The pathophysiology of gluten neuropathy remains unclear. Nutrient and vitamin deficiencies are unlikely to play a part, given that most of these patients have a normal nutritional status and no enteropathy. The mechanism is more likely to be immunological along the same lines as gluten ataxia.17
The pathology is that of an inflammatory process as outlined in this study and reported previously.7
This process can clearly affect peripheral nerves as well as the central nervous system.18,19,20
More often than not, however, the biopsy findings are those of axonal degeneration without evidence of inflammation. Patients with gluten sensitivity may rarely present with a rapidly progressive neuropathy, often associated with involvement of the central nervous system, as described for case 3 in Neuropathological findings. Such cases have previously been described by Cooke and Thomas‐Smith.20
On the basis of this study and the review of published case reports, the most common neuropathy encountered in the context of gluten sensitivity is that of a chronic slowly progressive symmetrical sensorimotor axonal distally predominant peripheral neuropathy. Further evidence in support of gluten neuropathy being immune mediated comes from a report on the presence of antiganglioside antibodies in patients with coeliac disease and neuropathy.21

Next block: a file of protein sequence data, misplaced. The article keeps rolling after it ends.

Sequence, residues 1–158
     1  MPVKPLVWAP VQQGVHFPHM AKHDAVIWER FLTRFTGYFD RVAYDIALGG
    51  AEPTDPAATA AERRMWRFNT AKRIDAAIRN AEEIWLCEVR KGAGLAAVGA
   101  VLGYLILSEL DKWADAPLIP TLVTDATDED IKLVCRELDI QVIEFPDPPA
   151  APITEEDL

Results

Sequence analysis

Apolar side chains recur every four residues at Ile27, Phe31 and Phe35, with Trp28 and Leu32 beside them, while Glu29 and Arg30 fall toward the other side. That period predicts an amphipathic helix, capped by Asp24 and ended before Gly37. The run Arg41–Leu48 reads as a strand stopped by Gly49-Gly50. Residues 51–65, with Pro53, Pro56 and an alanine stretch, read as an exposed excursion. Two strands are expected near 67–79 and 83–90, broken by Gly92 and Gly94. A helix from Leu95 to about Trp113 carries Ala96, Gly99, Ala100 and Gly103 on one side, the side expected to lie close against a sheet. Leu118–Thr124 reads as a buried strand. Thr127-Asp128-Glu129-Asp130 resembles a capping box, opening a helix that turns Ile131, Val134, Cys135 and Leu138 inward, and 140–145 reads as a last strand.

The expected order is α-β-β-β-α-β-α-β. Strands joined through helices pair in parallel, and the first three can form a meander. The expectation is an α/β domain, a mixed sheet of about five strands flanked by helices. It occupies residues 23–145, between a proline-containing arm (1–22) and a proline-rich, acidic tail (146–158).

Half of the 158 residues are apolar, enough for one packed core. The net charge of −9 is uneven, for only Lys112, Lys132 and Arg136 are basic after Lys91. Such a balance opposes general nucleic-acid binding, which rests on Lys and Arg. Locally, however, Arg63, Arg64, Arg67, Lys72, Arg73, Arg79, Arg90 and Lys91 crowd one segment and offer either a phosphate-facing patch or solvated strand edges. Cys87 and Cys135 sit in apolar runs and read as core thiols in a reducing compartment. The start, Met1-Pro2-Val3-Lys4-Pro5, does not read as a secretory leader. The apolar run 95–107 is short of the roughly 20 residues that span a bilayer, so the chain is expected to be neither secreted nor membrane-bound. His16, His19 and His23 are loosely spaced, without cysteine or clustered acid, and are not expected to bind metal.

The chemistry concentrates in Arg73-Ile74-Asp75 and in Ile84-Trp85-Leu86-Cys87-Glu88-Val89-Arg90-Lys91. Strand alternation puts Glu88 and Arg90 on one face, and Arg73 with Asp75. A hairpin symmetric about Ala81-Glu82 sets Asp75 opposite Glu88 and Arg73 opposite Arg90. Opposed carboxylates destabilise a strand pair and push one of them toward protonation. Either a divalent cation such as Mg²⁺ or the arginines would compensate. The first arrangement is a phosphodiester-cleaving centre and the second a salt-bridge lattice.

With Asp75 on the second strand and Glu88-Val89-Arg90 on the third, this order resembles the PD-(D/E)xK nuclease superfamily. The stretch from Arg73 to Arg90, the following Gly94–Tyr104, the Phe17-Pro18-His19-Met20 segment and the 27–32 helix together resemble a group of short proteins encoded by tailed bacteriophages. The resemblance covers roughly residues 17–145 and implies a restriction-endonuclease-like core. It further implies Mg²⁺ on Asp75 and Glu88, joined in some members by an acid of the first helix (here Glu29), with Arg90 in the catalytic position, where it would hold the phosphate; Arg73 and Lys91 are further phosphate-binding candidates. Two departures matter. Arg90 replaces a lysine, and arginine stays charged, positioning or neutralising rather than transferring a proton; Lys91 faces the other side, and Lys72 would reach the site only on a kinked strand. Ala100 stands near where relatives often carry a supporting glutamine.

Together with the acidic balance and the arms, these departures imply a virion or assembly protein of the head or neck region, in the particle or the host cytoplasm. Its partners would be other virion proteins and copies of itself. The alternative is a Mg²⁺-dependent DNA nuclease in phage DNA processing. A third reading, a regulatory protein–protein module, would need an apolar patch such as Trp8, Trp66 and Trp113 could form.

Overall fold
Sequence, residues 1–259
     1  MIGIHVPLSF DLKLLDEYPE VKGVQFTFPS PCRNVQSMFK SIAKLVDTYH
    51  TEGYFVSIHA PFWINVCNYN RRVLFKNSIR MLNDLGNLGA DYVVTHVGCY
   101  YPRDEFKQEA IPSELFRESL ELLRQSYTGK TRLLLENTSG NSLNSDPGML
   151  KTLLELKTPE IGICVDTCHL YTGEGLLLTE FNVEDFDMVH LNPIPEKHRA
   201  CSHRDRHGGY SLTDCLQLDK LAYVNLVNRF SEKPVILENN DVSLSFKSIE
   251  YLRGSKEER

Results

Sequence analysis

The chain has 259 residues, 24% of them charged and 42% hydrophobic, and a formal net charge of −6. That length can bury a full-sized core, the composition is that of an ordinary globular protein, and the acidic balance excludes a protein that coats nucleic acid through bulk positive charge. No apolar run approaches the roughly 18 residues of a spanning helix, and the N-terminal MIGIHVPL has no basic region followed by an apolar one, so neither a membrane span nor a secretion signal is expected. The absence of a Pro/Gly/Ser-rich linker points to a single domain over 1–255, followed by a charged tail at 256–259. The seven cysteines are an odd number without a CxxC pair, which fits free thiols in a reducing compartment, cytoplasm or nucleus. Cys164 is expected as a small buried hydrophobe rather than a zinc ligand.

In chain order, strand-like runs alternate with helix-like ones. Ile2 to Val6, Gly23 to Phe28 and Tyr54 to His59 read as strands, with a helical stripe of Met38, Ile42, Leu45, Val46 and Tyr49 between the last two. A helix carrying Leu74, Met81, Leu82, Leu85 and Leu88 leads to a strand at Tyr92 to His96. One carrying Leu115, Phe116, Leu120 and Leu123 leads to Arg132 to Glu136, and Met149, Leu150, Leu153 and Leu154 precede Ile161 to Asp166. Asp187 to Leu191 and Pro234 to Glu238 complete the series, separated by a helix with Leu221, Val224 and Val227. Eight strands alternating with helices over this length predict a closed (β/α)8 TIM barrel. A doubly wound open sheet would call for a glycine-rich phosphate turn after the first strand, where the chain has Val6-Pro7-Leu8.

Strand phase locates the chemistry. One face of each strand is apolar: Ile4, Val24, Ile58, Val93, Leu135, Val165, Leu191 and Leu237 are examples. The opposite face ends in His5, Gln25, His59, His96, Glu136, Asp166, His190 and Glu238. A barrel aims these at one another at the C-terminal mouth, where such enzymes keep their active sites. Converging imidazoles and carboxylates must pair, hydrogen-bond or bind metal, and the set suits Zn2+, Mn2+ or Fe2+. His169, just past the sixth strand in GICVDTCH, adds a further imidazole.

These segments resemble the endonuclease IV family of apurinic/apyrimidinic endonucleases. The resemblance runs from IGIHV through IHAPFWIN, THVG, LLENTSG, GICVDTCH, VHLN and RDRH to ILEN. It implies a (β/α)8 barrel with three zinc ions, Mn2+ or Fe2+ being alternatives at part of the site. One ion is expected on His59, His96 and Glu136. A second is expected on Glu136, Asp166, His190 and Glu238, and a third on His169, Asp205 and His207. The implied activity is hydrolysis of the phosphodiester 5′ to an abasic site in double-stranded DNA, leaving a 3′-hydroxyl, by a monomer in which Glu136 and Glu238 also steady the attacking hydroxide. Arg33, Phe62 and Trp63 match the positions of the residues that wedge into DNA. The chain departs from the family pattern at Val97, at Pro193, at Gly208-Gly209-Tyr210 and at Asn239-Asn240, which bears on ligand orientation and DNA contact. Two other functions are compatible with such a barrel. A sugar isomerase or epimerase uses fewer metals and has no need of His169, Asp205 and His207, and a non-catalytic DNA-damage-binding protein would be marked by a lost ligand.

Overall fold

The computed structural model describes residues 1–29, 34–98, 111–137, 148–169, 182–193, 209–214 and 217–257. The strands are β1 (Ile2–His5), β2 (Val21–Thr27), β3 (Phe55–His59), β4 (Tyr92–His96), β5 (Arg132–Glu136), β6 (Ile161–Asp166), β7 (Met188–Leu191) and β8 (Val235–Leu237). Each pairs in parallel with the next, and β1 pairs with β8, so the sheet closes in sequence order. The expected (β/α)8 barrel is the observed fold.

Why the same disease (gluten sensitivity) results in both symmetrical and at times asymmetrical neuropathy (mononeuropathy multiplex), or even pure motor or sensory neuropathy remains unclear. This diverse pattern of peripheral nerve involvement is also seen in other diseases such as diabetes mellitus or neuropathy associated with connective tissue diseases. In one of our patients with gluten sensitivity, we observed progression of the motor neuropathy to involvement of sensory fibres with continuous exposure to gluten.22
It is yet unclear whether the aetiology of the mononeuropathy multiplex seen in some of these patients with gluten sensitivity is mediated through a low‐grade vasculitic process.
We conclude that serological evidence of gluten sensitivity is commonly found in chronic idiopathic axonal neuropathies and may well be aetiologically linked. The effect of a gluten‐free diet on the neuropathy should confirm whether or not this is another manifestation of gluten sensitivity similar to gluten ataxia, dermatitis herpediformis and gluten‐sensitive enteropathy.